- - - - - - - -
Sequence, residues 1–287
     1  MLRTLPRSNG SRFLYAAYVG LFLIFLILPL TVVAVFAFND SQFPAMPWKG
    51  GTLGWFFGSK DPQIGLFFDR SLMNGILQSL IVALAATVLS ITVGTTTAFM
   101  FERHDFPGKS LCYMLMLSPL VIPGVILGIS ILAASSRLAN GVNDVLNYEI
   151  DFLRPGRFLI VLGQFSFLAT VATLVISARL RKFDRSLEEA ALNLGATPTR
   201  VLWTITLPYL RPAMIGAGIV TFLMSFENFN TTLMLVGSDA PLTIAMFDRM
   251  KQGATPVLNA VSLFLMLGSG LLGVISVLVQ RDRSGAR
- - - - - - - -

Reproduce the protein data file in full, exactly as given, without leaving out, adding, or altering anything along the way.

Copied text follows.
Sequence, residues 1–287
     1  MLRTLPRSNG SRFLYAAYVG LFLIFLILPL TVVAVFAFND SQFPAMPWKG
    51  GTLGWFFGSK DPQIGLFFDR SLMNGILQSL IVALAATVLS ITVGTTTAFM
   101  FERHDFPGKS LCYMLMLSPL VIPGVILGIS ILAASSRLAN GVNDVLNYEI
   151  DFLRPGRFLI VLGQFSFLAT VATLVISARL RKFDRSLEEA ALNLGATPTR
   201  VLWTITLPYL RPAMIGAGIV TFLMSFENFN TTLMLVGSDA PLTIAMFDRM
   251  KQGATPVLNA VSLFLMLGSG LLGVISVLVQ RDRSGAR